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Monitoring – more important than many believe

Even in music, as is so often the case: “Trust is good, control is better”. The acoustical controlling option addressed here is called Monitoring (lat. monere, to monitor, to warn). Essential for stage or studio musicians, if good sound is of particular importance.

Let’s tread the boards, as the world’s a stage, and devote ourselves to live monitoring on stages. One may ask why this is necessary. Other than perhaps on very small stages, the PA – or rather guitars and drums – are usually so loud, that the singer can’t or the keyboarder barely hear themselves. In order to change the situation and to allow for control over one’s own performance, it is advisable to install a monitoring system. It is a separately managed sound system, isolated from the PA. The musicians receive a similar auditory impression over the loud speakers as the audience does, making it easier to hear themselves and to better coodinate the musical interaction.

Studio monitoring, on the other hand, has a different emphasis. It naturally deals with controlling options, but on a much more sensitive level. On stage, the priority is good musical interaction and a means to check the overall impression, while in the studio everything centers on the quality of the individual signal, in other words of the respective instrument. In this case the sound of the recording and the subsequent editing are monitored. The point is, to reproduce the respective audio signal as exact as a microphone, an amplifier or another sound generator would emit. In order to achieve this, several factors must be considered.

Of overall importance is the right choice of speakers. There’s no getting around special monitor speakers disposing of good impulse reproduction as well as low reverberation and for which a linear frequency output ist essential – in other words, frequencies are neither raised nor lowered. Since one sits right in front of the speakers in the studio, they should moreover dispose of a wide emission angle and the sound properties should not alter within the working parameters of the sound technician. Equally important is the correct positioning of the speakers. If the sound should reach the listener directly, without hindrances, it is advisable to mount the speakers on tripods or on the wall. If mounted on a table or at the end of a mixer, distorted reflection could occur. The speakers should be oriented toward the listener and in this manner ideally form an equilateral triangle between the speakers and the technician.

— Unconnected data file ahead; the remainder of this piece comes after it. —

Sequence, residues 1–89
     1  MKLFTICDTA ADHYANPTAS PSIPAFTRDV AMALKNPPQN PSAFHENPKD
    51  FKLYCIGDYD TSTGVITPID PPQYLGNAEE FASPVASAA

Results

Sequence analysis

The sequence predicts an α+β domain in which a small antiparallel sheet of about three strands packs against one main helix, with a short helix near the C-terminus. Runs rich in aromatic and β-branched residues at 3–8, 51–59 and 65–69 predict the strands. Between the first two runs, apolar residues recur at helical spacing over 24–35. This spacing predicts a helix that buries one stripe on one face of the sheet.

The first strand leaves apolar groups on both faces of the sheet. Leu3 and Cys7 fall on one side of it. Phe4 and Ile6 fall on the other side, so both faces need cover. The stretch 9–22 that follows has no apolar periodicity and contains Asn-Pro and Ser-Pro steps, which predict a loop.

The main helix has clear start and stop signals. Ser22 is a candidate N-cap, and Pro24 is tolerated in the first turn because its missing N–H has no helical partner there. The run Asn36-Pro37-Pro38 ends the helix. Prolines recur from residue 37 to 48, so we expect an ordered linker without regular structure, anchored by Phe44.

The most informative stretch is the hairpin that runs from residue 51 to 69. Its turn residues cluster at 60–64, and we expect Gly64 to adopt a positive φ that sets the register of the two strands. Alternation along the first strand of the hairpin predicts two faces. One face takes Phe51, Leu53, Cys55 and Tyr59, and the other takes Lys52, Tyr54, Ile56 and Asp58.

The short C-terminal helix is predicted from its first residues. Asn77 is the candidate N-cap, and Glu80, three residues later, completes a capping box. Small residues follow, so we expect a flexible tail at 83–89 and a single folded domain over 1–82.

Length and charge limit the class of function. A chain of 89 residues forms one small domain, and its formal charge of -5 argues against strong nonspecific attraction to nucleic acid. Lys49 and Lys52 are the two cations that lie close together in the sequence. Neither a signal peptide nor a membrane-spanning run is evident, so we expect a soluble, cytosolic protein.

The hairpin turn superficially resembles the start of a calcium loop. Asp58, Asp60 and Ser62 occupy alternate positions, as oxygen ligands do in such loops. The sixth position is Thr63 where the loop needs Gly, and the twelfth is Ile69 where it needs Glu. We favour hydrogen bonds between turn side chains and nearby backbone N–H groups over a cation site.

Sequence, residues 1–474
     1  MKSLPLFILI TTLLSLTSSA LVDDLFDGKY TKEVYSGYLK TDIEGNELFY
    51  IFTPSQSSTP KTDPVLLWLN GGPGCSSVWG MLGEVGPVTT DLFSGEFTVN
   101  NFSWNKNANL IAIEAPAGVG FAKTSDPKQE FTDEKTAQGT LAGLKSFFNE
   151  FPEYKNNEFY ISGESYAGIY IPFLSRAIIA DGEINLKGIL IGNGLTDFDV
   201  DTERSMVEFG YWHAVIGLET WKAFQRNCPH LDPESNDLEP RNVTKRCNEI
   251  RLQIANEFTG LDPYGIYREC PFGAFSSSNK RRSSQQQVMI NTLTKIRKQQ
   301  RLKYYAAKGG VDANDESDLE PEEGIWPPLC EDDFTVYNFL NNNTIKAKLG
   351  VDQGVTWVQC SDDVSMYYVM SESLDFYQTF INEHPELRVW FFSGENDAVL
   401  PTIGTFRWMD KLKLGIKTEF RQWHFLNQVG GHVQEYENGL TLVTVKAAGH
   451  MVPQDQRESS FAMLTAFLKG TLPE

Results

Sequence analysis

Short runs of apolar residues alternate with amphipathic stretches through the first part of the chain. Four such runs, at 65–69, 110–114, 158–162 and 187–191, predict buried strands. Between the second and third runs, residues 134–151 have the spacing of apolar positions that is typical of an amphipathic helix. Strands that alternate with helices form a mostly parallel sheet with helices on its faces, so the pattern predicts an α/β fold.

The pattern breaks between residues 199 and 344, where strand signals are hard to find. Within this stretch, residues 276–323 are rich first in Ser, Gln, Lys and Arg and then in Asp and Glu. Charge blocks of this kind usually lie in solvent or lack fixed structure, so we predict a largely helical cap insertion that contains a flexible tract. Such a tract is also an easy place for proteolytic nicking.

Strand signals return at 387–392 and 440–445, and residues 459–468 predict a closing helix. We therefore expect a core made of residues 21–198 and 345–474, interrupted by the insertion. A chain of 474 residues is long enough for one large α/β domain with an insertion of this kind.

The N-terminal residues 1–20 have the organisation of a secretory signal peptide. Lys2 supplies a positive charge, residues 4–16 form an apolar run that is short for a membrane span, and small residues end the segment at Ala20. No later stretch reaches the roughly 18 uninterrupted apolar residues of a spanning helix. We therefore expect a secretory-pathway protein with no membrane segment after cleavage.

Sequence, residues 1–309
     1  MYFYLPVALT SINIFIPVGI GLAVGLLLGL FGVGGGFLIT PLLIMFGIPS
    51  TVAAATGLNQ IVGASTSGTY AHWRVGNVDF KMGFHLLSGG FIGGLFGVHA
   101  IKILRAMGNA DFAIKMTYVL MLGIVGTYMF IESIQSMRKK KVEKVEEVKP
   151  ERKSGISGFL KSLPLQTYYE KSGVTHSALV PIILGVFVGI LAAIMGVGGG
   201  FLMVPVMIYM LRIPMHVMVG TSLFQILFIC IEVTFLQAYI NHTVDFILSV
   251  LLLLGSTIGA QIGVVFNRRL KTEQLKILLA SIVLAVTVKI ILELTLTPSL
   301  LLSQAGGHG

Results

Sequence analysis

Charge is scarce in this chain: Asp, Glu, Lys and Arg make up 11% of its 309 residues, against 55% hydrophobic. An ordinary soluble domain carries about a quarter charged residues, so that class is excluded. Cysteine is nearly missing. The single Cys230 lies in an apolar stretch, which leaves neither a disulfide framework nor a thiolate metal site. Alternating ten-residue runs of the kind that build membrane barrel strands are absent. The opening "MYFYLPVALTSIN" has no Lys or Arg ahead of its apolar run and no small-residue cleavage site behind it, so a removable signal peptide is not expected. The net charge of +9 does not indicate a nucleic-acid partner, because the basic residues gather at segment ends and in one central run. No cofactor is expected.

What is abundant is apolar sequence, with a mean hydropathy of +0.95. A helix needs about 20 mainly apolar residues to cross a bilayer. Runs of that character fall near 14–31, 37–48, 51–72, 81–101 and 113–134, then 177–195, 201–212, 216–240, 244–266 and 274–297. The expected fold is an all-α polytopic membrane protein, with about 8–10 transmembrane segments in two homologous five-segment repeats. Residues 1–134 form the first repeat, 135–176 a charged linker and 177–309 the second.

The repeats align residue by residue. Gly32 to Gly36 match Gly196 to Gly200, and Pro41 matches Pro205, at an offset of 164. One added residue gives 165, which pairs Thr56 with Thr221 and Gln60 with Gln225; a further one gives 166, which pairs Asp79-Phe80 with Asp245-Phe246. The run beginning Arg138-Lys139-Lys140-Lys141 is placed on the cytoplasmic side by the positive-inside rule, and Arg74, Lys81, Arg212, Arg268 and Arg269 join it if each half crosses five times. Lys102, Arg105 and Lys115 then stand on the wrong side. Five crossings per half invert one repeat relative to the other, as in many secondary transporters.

In general, the rating of the amplifier should be larger than that of the speakers, in order to avoid distortions. Furthermore, larger amplifiers offer a higher damping factor and are able to produce precise and fast transmission of voltage peaks.

The selection of monitor speakers for stages is equally important. Similar to studio monitors, they should have a linear frequency response if possible, yet here it is more important to achieve a greater performance. One difference is demonstrated in the emission angle. As opposed to the broad studio version, a targeted emission angle is preferred on stage, as each musician uses his own speaker. A word about the design: it visibly differs from the studio speakers. A horn is used, not a dome tweeter, furthermore one side is sloped so the monitors can be laid on the floor in order to resound upward.

In-Ear monitors are being used more and more on stages, instead of speakers. These are small ear plugs with a fine earpiece, which take over the function of speakers via a wireless link. The advantages are clear. On the one hand, the musician can move freely and always receives an unaltered signal. On the other hand, technicians need to lay less cable and transport fewer speakers. Additionally, In-Ear-Monitoring protects against acoustic feedback, which could occur when, for example, a microphone again picks-up the amplified singing of an artist, which is played back over the speaker monitor.

Whichever version you choose or require, the right equipment is important so the performance isn’t distorted and as a result, inferior.

Our product recommendation:

OMNITRONIC IEM-500 In-ear monitoring set

The IEM-500 is a wireless in-ear monitoring system with excellent sound and full user comfort. 16 frequencies in the low-interference UHF band can be adjusted. Due to a limiter in the transmitter input, the ear is completely protected even in case of extreme clipping. The system can be operated in mono and stereo mode and is thus qualified for many applications such as live music, theater use and voice transmission. The multifunctional LCD screen indicates all operation modes. The transmitter features a headphones output with adjustable output level in order to monitor the signal sent to the musician at the FOH. The set comes fully equipped with transmitter, receiver, headphones and 483 mm mounting kit (19″).

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